Teenage Rebellion

“If you don’t reflect on your life, if you don’t consider it, if you don’t choose the values that you are going to live by, then you are going to be living according to someone else’s choices. You are going to be like a football that they’re kicking around, because you have not chosen something and directed your life towards those goals.”  – A.C. Grayling

There are many great points in that two minute video I posted last week.  The above quote is the most important one. 

How often in life do you go about your day following someone else’s rules? Even more importantly: How often in life do you go about your day mindlessly following rules that you have set up yourself? There is no reason to reject these rules or routines outright. They could be very useful. But you must reflect on why you do the things you do. You must understand the choices that you make.

I remember when I was transitioning into my teenage years. At school, I would try to find exceptions to rules that teachers taught me. Grammar was the easiest to break. Why should I use a comma at this point in a sentence? Other writers don’t do that. Why should I? I hated it when I got bad grades because of arbitrary rules like that. Even in physics, Newton’s laws did not work at relativistic speeds.

I was always looking for ways for rules to break down. And I was always able to find them.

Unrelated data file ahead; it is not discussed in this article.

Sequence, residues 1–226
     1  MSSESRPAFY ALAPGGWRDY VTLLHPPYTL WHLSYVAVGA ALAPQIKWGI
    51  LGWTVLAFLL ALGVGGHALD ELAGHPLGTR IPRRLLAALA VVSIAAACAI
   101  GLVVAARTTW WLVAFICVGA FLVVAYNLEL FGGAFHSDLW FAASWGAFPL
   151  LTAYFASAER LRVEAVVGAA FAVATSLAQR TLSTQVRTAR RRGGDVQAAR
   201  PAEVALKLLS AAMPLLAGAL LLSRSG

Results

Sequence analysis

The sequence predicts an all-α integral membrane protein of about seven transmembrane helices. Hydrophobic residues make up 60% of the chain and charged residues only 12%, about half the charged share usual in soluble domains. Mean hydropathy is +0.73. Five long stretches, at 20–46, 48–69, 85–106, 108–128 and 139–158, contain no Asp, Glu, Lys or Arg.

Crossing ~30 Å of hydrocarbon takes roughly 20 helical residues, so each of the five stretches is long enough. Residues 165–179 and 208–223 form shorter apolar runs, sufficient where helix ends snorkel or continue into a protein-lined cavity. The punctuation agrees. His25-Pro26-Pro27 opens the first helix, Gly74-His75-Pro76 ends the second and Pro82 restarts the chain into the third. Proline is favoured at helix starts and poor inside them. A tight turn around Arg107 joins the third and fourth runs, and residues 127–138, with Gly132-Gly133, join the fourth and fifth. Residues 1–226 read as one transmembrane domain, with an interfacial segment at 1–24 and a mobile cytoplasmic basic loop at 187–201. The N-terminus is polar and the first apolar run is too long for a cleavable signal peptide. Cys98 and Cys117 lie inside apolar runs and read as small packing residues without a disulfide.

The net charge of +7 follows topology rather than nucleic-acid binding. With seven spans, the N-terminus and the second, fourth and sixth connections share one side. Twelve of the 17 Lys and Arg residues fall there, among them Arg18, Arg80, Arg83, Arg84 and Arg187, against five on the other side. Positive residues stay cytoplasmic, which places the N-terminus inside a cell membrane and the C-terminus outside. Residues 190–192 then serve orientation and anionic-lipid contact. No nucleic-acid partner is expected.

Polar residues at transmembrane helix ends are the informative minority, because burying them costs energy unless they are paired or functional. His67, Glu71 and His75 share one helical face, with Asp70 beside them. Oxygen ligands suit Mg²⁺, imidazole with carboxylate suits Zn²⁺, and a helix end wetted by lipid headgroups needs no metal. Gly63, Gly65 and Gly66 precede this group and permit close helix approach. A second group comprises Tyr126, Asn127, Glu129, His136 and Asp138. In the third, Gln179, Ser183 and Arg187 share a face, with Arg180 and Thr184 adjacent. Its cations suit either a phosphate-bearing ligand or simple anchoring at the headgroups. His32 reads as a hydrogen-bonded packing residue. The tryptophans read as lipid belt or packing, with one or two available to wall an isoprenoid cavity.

I kept most of these exceptions to myself. I saw other kids doing the same thing but raising a big stink about it in class. That got annoying real quick. But I was pissed off that these rules did not work all the time. I was even more pissed when teachers acted like the rules always did work. I wanted to tell them to just stop the charade.

I was slowly coming to the realization that there is no such thing as a hard rule. All rules are just rules of thumb. Whether they are related to physics, grammar, social situations, parenting, hygiene, etc., they are made up by people. Therefore, they are fallible.

Those times were just one portion of my teenage rebellion. I did plenty of other things to try to claim my independence. I think everybody goes through their own form of it.  Sometimes, people rebel just to rebel. In terms of being independent, doing that is the equivalent of just doing what your told. You are just doing the inverse.

But for most cases, teenage rebellion is a great example of what Grayling was talking about: choosing the values that you are going to live by. You reject the rules that others have set up for you. You begin to choose the rules that you believe in.

The question now is: Why am I not still rebelling?

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